Bullying and racism can happen, anywhere. Bullying is a form of deliberate abuse. Bullying happens when a group or individual abuses an individual that is less powerful. When a student(s) bullies another student, the targets of the bullies are usually exposed to physical, verbal, and mental discomfort. Bullying is something students do to gain power over another person. When someone is bullied, that person feels stressed, and may sometimes lead to suicide. “Sticks and stones may break my bones, but words will never hurt me.” Bullying isn’t always physical; it can be name calling, or rejecting another person from an activity. Bullying and harassment thrives on silence. Parents can help break the silence by talking to your children about bullying and strategies on how to avoid bullying. Here are some ways to notice and prevent bullying:

1. Don’t ignore the problem! Leaving your child alone won’t solve the problem; it will make them more vulnerable.

2. Look for signs of harassment. Children may be too overwhelmed or frightened to tell you.

3. Work with teachers and schools directly so that everyone can become more aware of the problem.

4. Neighborhood parents should have weekly meetings to discuss the negative effects of bullying and solutions to prevent it from happening. Establishing a bully prevention committee is effective.

Article by Kevin Ruan, student


Whether at home, in the library, or at a friend’s house, your child is likely to be online these days.  Use these guidelines to be sure he stays safe in cyberspace.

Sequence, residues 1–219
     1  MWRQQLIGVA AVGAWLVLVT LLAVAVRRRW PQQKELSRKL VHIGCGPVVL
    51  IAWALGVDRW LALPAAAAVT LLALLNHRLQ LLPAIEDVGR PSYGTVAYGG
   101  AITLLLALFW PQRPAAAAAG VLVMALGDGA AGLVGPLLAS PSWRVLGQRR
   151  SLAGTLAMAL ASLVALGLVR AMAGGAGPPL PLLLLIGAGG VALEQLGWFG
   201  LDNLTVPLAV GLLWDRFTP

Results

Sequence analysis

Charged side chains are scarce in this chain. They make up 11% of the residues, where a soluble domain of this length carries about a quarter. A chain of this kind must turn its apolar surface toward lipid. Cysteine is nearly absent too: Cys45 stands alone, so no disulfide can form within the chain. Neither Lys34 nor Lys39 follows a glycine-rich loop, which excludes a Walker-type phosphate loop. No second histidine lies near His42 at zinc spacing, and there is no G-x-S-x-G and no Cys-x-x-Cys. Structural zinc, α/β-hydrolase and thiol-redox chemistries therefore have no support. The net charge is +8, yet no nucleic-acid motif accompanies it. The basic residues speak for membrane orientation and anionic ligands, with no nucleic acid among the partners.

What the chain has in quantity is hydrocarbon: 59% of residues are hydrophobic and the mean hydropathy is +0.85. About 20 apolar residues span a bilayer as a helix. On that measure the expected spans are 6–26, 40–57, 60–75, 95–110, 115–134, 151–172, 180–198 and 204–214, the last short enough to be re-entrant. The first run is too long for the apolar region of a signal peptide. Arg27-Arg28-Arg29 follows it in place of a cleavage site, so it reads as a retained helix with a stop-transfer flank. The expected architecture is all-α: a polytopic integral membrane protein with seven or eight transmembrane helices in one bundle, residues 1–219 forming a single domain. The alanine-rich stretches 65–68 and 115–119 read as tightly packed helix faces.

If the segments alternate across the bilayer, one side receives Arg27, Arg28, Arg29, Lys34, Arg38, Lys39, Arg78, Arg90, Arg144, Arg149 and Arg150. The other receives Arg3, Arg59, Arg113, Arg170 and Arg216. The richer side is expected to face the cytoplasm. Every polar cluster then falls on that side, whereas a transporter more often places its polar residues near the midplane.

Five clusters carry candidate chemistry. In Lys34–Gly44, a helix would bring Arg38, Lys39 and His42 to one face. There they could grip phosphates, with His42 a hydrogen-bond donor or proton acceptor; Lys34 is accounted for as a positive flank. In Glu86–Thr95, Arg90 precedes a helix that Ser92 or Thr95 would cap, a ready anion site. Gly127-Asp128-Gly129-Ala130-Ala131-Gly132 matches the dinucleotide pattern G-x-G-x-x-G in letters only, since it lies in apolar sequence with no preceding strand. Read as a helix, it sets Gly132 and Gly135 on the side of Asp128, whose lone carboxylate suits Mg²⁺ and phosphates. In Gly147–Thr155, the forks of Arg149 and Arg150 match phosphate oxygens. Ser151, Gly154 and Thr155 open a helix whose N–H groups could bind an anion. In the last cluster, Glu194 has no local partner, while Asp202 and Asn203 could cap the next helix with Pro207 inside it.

Social Networking

Sites like Facebook and MySpace are becoming more popular with middle graders.  If you child has an account, have him add you to his list of friends.  (Note: He must be 13 to join.)  That way, you can see who his online friends are and keep an eye on his postings.  Make sure his profile is private, and ask him to mark photos so that only friends (not “friends of friends”) can view them.


Does your youngster browse sites about sports, celebrities, or other topics?  The seemingly endless amount of information online is appealing to middle graders, but it’s not always appropriate.  Help your child create a list of safe “favorites,” including kid-friendly search engines like www.quinturakids.com or http://kids.yahoo.com. You can also set parental controls that limit what your middle grader can view.  (For instructions, type “parental controls” into a search engine.)

Instant Messaging

Many middle schoolers love instant messaging—it’s fast-paced and lets them talk to multiple pals at once.  But “cyber bullies” also use IM, so your child should accept messages only from friends or relatives.  If someone harasses him online, he should report it to the IM provider and block the person from his buddy list.

Note:  If you have a computer at home, keep it where you can supervise your child.  Check the sites he’s on, and discuss what he’s doing online.

Reprinted with permission from ©2009 Resources for Educators, a division of Aspen Publishers, Inc. “Middle Years” December 2009